So, like the first crackle of that vinyl record you once loved, or the opening MGM drum roll of a great movie, this is the first post in a new and exciting site. Hells yeah. A site dedicated to bringing you all the latest news, reviews and musings from the ever expansive world of music. We want this to be a fun, energetic, whilst insightful website that’s both easy to follow every day and just as easy to jump in and explore. We’ll do our best to not turn into those pretentious museo’s that seem to litter every orifice of the critical world. No siree Bob. No over complicated ‘Dancedubindiefolk’ labels here. No comparing every album to Merriweather Post Pavillion and no bullshit. Just good honest reviews from less good and dishonest humanoids. Lovely.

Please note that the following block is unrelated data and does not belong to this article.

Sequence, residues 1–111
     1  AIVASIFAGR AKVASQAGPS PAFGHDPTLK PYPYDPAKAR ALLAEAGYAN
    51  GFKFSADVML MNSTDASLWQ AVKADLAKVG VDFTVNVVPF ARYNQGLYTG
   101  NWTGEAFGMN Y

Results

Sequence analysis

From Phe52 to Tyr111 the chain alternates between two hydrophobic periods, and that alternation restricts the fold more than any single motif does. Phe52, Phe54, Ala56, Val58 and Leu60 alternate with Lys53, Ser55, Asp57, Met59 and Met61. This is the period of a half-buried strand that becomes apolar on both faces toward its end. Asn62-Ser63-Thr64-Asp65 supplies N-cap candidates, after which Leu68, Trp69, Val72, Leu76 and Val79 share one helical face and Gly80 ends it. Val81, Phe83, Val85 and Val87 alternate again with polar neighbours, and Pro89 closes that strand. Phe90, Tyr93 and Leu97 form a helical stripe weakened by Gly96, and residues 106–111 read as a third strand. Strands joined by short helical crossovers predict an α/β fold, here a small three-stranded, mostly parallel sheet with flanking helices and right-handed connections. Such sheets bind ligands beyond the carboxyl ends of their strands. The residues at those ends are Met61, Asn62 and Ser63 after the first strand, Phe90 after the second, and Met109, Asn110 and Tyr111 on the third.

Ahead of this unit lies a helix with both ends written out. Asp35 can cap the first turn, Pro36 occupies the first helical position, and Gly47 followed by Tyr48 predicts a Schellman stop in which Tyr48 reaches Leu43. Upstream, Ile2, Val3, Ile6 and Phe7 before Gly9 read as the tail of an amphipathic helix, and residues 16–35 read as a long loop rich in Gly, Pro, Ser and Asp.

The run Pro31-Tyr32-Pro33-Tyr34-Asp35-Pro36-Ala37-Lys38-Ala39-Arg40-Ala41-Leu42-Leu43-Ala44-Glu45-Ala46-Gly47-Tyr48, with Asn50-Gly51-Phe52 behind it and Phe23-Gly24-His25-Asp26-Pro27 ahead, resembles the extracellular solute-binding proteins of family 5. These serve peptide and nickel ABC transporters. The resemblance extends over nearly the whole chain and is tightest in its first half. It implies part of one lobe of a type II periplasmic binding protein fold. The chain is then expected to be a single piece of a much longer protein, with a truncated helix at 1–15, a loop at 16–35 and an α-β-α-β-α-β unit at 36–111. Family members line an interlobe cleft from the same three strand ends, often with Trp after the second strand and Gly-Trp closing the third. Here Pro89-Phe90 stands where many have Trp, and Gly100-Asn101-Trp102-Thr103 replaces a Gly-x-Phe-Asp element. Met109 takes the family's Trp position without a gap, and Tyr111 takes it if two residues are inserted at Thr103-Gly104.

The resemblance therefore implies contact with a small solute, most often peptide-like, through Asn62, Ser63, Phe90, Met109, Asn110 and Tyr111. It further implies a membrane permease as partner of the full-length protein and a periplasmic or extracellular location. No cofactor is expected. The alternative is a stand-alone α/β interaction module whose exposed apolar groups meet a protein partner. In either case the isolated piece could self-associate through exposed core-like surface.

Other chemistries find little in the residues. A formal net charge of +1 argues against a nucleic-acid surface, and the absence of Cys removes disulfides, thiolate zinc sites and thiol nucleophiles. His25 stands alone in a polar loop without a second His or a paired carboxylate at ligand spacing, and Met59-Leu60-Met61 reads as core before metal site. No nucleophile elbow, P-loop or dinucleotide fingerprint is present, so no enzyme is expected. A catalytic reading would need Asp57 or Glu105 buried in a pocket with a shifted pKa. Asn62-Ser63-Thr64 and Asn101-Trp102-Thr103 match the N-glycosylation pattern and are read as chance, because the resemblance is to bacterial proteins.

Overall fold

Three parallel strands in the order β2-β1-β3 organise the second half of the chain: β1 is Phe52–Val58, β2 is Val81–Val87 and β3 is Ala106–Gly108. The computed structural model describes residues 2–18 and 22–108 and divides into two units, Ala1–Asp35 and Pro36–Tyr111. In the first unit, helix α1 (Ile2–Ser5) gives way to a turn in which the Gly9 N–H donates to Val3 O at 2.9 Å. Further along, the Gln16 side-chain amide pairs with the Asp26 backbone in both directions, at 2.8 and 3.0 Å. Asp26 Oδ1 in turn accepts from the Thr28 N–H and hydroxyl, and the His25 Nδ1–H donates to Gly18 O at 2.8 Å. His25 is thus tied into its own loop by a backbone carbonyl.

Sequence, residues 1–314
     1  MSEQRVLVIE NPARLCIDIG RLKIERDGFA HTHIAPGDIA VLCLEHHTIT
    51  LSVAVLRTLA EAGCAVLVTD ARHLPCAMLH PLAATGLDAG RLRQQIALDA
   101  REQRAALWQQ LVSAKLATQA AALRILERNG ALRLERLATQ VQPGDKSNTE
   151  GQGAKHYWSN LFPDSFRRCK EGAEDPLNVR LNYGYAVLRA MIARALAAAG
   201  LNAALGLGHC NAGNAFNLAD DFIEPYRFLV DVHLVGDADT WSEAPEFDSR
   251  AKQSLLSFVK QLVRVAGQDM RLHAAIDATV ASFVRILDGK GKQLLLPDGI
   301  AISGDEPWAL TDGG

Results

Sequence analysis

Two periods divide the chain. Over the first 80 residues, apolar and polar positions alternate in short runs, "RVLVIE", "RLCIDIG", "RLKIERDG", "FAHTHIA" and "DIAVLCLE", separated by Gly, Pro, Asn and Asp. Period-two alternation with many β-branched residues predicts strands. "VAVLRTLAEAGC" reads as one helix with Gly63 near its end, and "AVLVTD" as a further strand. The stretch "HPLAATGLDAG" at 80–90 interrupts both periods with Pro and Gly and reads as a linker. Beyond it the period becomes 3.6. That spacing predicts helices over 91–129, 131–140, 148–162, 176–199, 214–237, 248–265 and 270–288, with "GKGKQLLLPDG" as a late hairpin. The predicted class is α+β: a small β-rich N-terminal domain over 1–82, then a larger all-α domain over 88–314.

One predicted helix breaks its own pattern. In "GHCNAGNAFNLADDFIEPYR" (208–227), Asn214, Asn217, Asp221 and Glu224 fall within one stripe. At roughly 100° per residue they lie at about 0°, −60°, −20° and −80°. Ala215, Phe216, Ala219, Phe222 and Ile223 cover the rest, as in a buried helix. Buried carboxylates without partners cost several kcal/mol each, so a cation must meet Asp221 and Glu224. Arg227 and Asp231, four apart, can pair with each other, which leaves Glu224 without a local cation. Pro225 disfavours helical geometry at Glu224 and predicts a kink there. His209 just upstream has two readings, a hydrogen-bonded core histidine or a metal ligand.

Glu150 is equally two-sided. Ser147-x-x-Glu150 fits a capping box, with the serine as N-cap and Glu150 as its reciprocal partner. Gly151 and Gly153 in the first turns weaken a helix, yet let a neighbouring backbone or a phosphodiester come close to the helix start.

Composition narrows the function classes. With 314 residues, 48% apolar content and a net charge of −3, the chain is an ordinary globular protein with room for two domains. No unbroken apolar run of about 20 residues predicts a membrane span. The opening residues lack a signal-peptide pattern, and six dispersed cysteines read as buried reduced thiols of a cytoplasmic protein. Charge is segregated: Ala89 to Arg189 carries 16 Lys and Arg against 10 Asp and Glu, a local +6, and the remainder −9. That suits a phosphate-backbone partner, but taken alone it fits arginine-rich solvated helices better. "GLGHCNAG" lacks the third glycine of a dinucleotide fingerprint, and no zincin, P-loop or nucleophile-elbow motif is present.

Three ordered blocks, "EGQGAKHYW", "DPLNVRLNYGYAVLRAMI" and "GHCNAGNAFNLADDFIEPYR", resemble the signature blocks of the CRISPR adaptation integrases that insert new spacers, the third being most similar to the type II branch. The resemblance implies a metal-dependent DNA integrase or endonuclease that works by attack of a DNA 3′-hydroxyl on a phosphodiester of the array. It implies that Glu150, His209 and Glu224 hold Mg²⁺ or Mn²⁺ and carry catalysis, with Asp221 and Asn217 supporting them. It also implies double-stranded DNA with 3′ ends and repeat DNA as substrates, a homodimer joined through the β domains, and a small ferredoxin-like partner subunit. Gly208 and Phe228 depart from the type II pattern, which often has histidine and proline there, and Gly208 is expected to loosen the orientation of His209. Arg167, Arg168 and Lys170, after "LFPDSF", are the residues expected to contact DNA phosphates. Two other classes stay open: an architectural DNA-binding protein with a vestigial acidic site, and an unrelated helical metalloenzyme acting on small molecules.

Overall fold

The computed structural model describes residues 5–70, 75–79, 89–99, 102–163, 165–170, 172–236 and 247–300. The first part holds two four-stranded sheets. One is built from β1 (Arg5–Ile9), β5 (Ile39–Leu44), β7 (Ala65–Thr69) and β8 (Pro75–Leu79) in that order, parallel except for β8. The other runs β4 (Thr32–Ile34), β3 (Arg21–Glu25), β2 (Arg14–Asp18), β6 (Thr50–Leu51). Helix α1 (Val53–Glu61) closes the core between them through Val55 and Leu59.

Over time I’m sure you’ll get to know all of us individually but as we begin just treat the site as one. One big, living, sexy organism of musical fun and adventure. No genre left unturned and no Gaga left unhurt.

Love and Oberst,

The demented minds of The Quilted Generation 🙂